Thanks to Charles Weedon, Educational psychologist and teacher, for this post
Charley really toils with some of the things we ask her to do in the classroom. The policies about learning difficulties, the rhetoric, are often impressive….. But the reality sometimes seems more threadbare and stretched day-by-day, and the outside agencies that might be able to help us just don’t seem to be there. Despite our best efforts, Charley is going nowhere good – reading still agony, written work looks like a battlefield, and while some days she’s worryingly quiet and withdrawn, others she’s off the wall and causing mayhem.
We need to know just how to help her, but nothing really works. We’ve been to dyslexia training days, read up on ADHD, got a fair idea about dyspraxia, and we’re all on the lookout for autistic traits…. But nothing seems to quite fit Charley, or help her much. The only SEN label she’s heading for is SEBD, and that’s just not right. Just one look at her face on the few occasions she’s coping, and you know this is a kid who desperately wants to do OK, to conform, to be like her peers.
So why isn’t it working for her? How do we find the key?
Maybe part of it, a large part, is that special needs assessment tends to come at it from the wrong end, with teachers/specialists/other professionals tending to go in looking for one particular ‘difficulty’ or another, e.g. is this child dyslexic, dyspraxic, hyperactive, autistic, etc, – while they should be saying “Let’s try to get a thorough understanding of how this particular child learns, and can I gather a thorough picture of all the child’s strengths and weaknesses” – the kind of picture that, in happier days, an assessment by an experienced SENDCO, local authority specialist or Ed. Psych. should provide – but too seldom seems to, nowadays.
So if we want to really ‘get’ Charley, maybe don’t set out to ‘identify learning difficulties’. Instead, set out to understand and map how she learns, all her strengths and all her weaknesses.
For example, many of us are happy with concepts such as ‘dyslexia’ when there is an obvious discrepancy between apparent academic potential and current levels of literacy – but arguably this is about as useful as saying someone has a ‘fever’ when they are hot and sticky and running a temperature. It states the obvious but doesn’t tell us what to do. A good map, however, might provide information that is far more useful, and indicate that there is, say, a mixture of phonological difficulties, some visual stress, poor visual memory and some attentional difficulties. Once this is known, the root causes of the poor literacy may be more effectively addressed.
If we can make a map for Charley, it is likely to suggest some elements of several of these different difficulties – they hardly ever exist in isolation, and every tiny act of learning draws upon so many domains, skills and attributes. But now, we’ll be able to focus and target so much more effectively. We’ll know much more accurately where the skills gaps are that are impairing her learning, and where her strengths are that can buttress her learning. We can now use those labels more accurately, confidently and appropriately, and work out support strategies that build on her unique profile of strengths and weaknesses.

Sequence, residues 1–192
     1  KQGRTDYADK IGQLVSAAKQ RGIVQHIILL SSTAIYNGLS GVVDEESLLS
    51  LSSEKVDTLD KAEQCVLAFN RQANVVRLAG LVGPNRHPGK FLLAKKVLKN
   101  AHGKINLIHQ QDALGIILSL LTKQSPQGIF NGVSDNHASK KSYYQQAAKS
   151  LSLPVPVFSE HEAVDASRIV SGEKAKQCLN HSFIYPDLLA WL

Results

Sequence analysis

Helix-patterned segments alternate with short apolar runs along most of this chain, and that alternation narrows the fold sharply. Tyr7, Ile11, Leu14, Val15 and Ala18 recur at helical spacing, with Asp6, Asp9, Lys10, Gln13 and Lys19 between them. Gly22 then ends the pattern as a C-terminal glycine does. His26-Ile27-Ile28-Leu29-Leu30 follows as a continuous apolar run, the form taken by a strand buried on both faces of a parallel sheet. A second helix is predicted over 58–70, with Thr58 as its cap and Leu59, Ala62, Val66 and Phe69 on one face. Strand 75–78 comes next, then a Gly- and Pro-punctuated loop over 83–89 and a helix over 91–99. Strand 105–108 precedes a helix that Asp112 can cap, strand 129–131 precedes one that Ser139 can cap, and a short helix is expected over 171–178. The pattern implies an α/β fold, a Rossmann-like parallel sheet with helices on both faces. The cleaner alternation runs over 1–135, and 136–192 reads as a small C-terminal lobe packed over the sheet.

But how can we make this map….? Educational psychologists hardly ever seem to see children directly, waiting lists for speech and language therapists and occupational therapists are already packed, and you can wait forever for a CAMHS referral. And even if we can access these over-stretched professionals, how do we pull together all those different insights into a balanced overview, one that captures ‘the whole Charley’?
Traditionally there hasn’t been much that sets out to do this, but the SNAP packages do. Updated and expanded regularly since their first development by Hodder Education in 2003, the Special Needs Assessment Profile – Specific Learning Difficulties and the Special Needs Assessment Profile – Behaviour seek to provide just such a map.
They are based on the idea that gathering together and analysing everything that is already known about a child, using questionnaires for school and for the family and supplementing this with a range of focused but simple tests, gives a uniquely thorough understanding of a child, the very map that Charley needs. As well as mapping her strengths and weaknesses, these packages provide a whole swathe of personalised and tailored advice and strategies for you to choose from.
In these days, when there seem to be so many pupils with difficulties and issues of different kinds, when the external support for them seems sometimes to be diminishing in inverse proportion to the pressures and expectations on us for results, packages like these can be lifesavers – for Charley, and probably quite a few of her classmates.